Marvin MillerMarvin Miller, who died today at the age of 95, was one of the three most significant men in the history of baseball, following Babe Ruth and Jackie Robinson in chronological order.
Don't feel you have to take my word for that declarative statement. Red Barber, who saw more baseball than any man who ever lived, said the very same thing back in 1992. More backup authority than him I don't need and doesn't exist in any case.
Different as those three men and their accomplishments were, they all had an unusual common link in their baseball lives. Each made everybody else in baseball a lot more money than they were making before. Ruth was the greatest gate attraction in sports history (Ali's in second). It is no denigration of Robinson's real historic accomplishment to note he was the biggest individual draw of HIS time, too.
And Miller, of course, changed the economics of the sport beyond comprehension. To be sure, he made the players wealthy. Even accounting for inflation, ballplayers in the early '60s were getting about what an SEC linebacker draws in salary today. Now they're multi-millionaires, which while it might not be what it used to be, still ain't hay, or even filet mignon.
What is less noticed, is that the free agent revolution Miller and the MLB Players' Association created in the mid-1970s made Miller's sworn enemies, the owners, even wealthier than it did the players. Baseball, widely viewed as a stagnating sport in the midst of a terminal business slump prior to the Andy Messersmith case, has since enjoyed robust to explosive growth in total revenue broken only by a few idiotic labor wars instigated by the owners.
George Steinbrenner bought the Yankees for about $12 million. What are they worth today? Two billion? Three? YES Network might be worth that alone. That owes as much to Miller as A-Rod's contract does.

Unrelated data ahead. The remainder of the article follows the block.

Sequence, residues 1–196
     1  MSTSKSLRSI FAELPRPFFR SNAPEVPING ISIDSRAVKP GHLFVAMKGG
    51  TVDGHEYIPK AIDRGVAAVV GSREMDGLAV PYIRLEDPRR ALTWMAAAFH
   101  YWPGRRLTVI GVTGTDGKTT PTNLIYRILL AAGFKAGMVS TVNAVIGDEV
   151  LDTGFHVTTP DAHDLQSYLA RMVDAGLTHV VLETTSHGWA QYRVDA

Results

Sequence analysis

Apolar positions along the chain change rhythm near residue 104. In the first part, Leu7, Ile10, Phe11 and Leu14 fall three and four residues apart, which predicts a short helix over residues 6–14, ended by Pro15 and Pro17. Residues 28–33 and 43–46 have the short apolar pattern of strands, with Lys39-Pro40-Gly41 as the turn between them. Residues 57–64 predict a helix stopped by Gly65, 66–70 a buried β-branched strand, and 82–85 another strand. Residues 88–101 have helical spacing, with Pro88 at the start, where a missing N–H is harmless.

I don't think Miller foresaw that, because I don't think anyone did. He was just fighting for every edge he could get his union members. But the possibility of sudden team improvement created by free agency and the ineffable respect/worship Americans have for wealth created a geyser of horsehide income. Players had always been marketed as heroes. When they became celebrities instead, somehow more people paid attention.
You'd think the owners would have been the ones to demand Miller was inducted into the Hall of Fame. This is to misunderstand the fundamental sociopathy of the American superrich. First, many of 'em would rather eat a whole cupcake than have to share a wedding cake with somebody else. Second, even more of 'em aren't nearly as interested in money as they are in having power over others as a byproduct of wealth. Miller broke their control over the players. He was never forgiven, and I'm sure most owners thought and think the capital appreciation of their franchises was due to their innate business acumen.
No matter. In the end, the Hall of Fame is a museum, not an achievement. Miller's baseball records will live forever. No asterisks allowed.